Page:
Larger local govt debt may add to China's credit risk

The Chinese government’s intention to sell $203 billion of local government debt marks a departure from deleveraging to stimulus. But it is likely to increase China's debt problems.
Local governments in China plan bond sales to stimulate infrastructure spending
Local governments in China plan bond sales to stimulate infrastructure spending

The Chinese government’s intended sale of Rmb1.39 trillion ($203 billion) of local government debt is a sign that it has moved away from deleveraging to stimulating the country's flagging economy. But the bond sale also risks exacerbating the country’s severe debt problem.  

“It’s not going to stimulate growth and it’ll worsen the debt problem,” said Cliff Tan, East Asian head of global markets research at MUFG, at a recent press conference. “China is going back to the old playbook. The old playbook is to stimulate, backed by financing. That is going to increase credit risks.”

On January 2, China’s Ministry of Finance announced the early sale of Rmb1.39 trillion of local government bonds. This is to be made up of Rmb580 billion of general bonds and Rmb810 billion of special bonds. The former are used for general budget expenditure, while the latter are dedicated to a specific project, usually infrastructure.  

In early January, state news agency Xinhua reported that local governments expect to issue Rmb2.2 trillion of special bonds this year. This is a big increase on previous years. Local governments raised Rmb800 billion from special bonds in 2017 and Rmb1.35 trillion last year, according to the Finance Ministry.

Local government debt would normally be announced after the National People's Congress in March or April with special purpose bonds issued in around May or June. But In January alone, more than Rmb240 billion of local government bonds could be issued.

“We believe there is a strong interest in these bonds,” said Angus To, deputy head of research at ICBC International Research.

“Currently, the liquidity of the banking system is relatively abundant. The yield of local government bonds is more attractive than treasury bonds. Local government bonds are less risky when compared with corporate bonds,” he added.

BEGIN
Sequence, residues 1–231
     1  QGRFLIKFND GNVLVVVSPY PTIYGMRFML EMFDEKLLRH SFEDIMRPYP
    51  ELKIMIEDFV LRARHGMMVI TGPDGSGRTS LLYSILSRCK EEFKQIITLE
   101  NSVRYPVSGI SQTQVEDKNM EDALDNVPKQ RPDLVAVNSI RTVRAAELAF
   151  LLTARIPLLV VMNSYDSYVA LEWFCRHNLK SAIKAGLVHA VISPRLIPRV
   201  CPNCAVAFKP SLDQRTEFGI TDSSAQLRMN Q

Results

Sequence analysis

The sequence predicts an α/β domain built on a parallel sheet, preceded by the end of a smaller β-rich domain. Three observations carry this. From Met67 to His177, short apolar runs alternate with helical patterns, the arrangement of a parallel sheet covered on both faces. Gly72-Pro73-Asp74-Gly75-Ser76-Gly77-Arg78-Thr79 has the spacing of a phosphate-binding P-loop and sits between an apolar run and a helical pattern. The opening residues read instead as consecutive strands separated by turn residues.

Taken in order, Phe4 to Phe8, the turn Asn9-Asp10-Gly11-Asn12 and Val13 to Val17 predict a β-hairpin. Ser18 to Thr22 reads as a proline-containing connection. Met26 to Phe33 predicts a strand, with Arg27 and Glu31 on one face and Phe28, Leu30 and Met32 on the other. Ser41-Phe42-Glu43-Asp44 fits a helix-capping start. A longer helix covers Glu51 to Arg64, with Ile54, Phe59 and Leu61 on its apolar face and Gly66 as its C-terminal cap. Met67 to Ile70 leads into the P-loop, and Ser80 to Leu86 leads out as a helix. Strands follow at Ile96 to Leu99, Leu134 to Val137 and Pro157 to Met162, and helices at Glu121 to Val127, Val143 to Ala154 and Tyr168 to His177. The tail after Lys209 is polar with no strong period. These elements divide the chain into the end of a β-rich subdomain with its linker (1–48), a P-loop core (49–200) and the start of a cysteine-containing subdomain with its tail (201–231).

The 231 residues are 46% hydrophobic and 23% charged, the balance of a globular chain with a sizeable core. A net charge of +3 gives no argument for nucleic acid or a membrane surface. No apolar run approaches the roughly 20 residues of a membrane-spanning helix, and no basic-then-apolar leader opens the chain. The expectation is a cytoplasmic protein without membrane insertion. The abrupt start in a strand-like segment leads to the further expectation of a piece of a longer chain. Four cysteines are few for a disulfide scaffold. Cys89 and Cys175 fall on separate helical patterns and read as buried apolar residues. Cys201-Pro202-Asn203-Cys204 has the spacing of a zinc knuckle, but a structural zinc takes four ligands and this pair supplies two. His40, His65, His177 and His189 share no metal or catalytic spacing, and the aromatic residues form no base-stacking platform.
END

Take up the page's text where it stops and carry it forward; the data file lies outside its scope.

Jianwei Xu, Greater China senior economist of Natixis, believes that early bond issuance will both increase market liquidity, and interest in China's bond market. 

Although local investors account for most of the purchases of local government bonds, interest has gained steadily among global investors. Bond Connect, the platform that allows Hong Kong investors to trade Chinese bonds, reported a foreign investor volume of Rmb3.4 billion in December.  


One reason for the early announcement of local government bond issuance is to boost infrastructure investment. It is a counter the US-Sino trade tensions and the flagging Chinese economy, explained Terry Gao, senior director of international public finance at Fitch Ratings.

Infrastructure spending is definitely on the up. At the start of the year, China’s National Development and Reform Commission (NDRC) announced plans for an Rmb146.9 billion urban railway system in the Chinese city of Wuhan by 2024. Since December, the NDRC has approved infrastructure projects worth at least Rmb930.2 billion in at least five cities including Shanghai, Hangzhou and Chongqing, and several regions in the nation.

“Fixed asset investment data shows that infrastructure investment has picked up but only slowly. This needs to speed up to support the economy,” said Iris Pang, Greater China economist at ING Bank.

Infrastructure spending in the country dropped from 19% in 2017 to 3.7% during the first 11 months of 2018, according to official Chinese data. The World Bank also projects that China’s GDP growth will slow to 6.2% in 2019 from an expected 6.5% in 2018.

To prevent the Chinese economy from worsening, Beijing needs to enhance monetary stimulus, said Xu"Against this backdrop, the aim to deleverage is no longer a priority for the Chinese government."

China’s debt is likely to continue to grow this year, given the expansionary policy stance of the Chinese government, Xu added.

MUFG's Tan points out that if hidden debt estimates are included, China’s debt may now be nearly 300% of GDP. This is higher than US debt during the global financial crisis in 2008.

Although China’s official public debt-to-GDP ratio is below 60%, Beijing camouflages public obligations. It does not include the debt of state-owned enterprises and it disguises some local government debt. “I’m not predicting a crash this year. But I shouldn’t be surprising if China experiences a rocky landing several years down the road,” Tan said.

Using the analogy of a car crash, Tan explains that while a crash destroys a car, a rocky landing inflicts severe damage but the car is salvageable.

Based on official audits and statements by Chinese officials, Tan has seen estimates of total local government debt soar from Rmb18 trillion in 2013 to Rmb24 trillion in 2015.

According to the Finance Ministry, local governments had total outstanding debts of Rmb17.7 trillion at the end of August last year. But S&P Global Ratings believes that this does not tell the full story.

In an October report, the ratings agency estimates that local governments may have accumulated as much as Rmb40 trillion of hidden debt which is not reflected in the official figures. This is “a debt iceberg with titanic credit risks,” it warned.

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